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What is anomaly detection?

Anomaly detection is a process in machine learning that identifies data points, events, and observations that deviate from a data set’s normal behavior. And, detecting anomalies from time series data is a pain point that is critical to address for industrial applications.

According to an IDC survey in April 2021, the manufacturing industry followed by the finance, transportation, communication, and utilities industries are at the forefront of using advanced machine learning for predictive and prescriptive maintenance. The survey states that with the reduced cost of capturing data through sensors as well as the increased connectivity between devices, anomaly detection powered by machine learning will be increasingly mainstream.

To have an effective predictive maintenance program, it’s crucial to be able to detect anomalous behavior so that action can be taken to avoid downtime loss. However, identifying anomalies before a failure event is difficult because, generally, failures are comparatively rare events, so there is often a scarcity of tagged data for building predictive models.

Types of anomaly detection

Broadly, anomaly detection use cases can be categorized into three types depending on the type of the data available. Supervised anomaly detection aims to learn a model by using labeled data that represents previous failures or anomalies. In the unsupervised setting, no labeled data is provided. The third category, semi-supervised anomaly detection, relies on a small amount of labeled data to validate and select the best performing model trained on normal data (or data with no anomalies). Given the scarcity of labeled failure data, the most applicable use cases are those of unsupervised and semi-supervised anomaly detection.

Anomaly detection for time series data brings its own challenges due to the inherent complexity in separating noise from an anomalous pattern. Knowing if the data is stationary, and considering trends and seasonality are critical for doing time series analysis. Additionally, anomalies can be global outliers (also called point anomalies), or contextual anomalies, which means that there is a departure from a set of data points in context.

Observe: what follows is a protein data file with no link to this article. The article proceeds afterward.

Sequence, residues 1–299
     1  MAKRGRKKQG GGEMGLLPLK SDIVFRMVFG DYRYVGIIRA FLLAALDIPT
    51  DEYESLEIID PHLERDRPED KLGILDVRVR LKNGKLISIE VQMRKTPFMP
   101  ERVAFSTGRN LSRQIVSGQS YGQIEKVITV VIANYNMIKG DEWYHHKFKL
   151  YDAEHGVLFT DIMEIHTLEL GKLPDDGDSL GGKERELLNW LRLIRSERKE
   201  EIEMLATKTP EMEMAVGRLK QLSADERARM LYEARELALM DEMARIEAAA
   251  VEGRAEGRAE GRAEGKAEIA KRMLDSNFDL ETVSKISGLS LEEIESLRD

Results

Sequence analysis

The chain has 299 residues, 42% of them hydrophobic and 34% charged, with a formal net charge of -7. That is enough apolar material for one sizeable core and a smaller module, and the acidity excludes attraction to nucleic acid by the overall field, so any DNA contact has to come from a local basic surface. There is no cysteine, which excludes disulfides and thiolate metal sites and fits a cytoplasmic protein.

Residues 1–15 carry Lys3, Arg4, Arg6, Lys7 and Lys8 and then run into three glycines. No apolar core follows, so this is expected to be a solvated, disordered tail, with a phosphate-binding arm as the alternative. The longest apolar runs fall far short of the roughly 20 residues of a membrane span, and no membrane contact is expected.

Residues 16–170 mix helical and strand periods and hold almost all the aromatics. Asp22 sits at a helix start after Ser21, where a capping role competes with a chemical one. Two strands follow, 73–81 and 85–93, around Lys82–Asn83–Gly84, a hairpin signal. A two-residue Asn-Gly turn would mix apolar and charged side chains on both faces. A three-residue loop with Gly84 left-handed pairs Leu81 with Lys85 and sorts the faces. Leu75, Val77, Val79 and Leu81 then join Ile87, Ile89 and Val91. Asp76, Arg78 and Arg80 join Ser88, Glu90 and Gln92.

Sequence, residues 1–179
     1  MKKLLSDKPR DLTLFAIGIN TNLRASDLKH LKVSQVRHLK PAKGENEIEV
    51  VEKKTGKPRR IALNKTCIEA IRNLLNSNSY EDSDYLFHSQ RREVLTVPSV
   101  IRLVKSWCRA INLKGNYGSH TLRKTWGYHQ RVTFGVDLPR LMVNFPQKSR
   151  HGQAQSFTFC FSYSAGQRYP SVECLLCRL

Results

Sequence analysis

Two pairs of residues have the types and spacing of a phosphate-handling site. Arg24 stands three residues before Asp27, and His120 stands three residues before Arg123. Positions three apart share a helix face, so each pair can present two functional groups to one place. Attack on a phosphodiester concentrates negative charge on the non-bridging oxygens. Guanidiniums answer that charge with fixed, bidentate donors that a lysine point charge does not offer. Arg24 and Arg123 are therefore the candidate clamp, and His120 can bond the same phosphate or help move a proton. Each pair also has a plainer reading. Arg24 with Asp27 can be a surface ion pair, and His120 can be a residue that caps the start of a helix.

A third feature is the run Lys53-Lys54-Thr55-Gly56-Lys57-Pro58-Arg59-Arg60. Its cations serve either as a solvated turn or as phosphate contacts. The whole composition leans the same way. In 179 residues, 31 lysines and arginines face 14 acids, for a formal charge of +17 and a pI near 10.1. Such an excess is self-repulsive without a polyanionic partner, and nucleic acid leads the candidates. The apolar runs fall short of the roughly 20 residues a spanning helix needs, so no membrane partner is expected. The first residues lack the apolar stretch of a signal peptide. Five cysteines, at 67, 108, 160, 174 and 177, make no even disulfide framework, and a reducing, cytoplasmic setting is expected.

Point anomalies
Figure 1. Point anomaly

Contextural anomalies
Figure 2. Contextural anomalies

Process of anomaly detection

The task of finding the best anomaly detection model for a data set requires multiple steps that include data preparation, parameter optimization, validation, and model selection. Each of these steps could have multiple sub-steps. For example, data preparation could include scaling, dimensionality reduction, and feature engineering. Scaling could be done using a variety of techniques like min-max-scaling, robust-scaling, and standard-scaling. All possible steps to be performed on a data set could be expressed in a Directed Acyclic Graph (DAG). In the DAG, each stage or step contains multiple options that can be used for that level. For example, to build an end-to-end pipeline, one block or node from each step is to be combined in a forward fashion with a block or node from the subsequent steps, in the order of the direction. Thus, an end-to-end pipeline would be built with one transformer followed by an estimator. This is done internally in the algorithm before fitting a model on the train data and need not be provided by the user. The DAG is an implementation strategy that aids in parallel execution and fast execution of models to produce the best-performing results.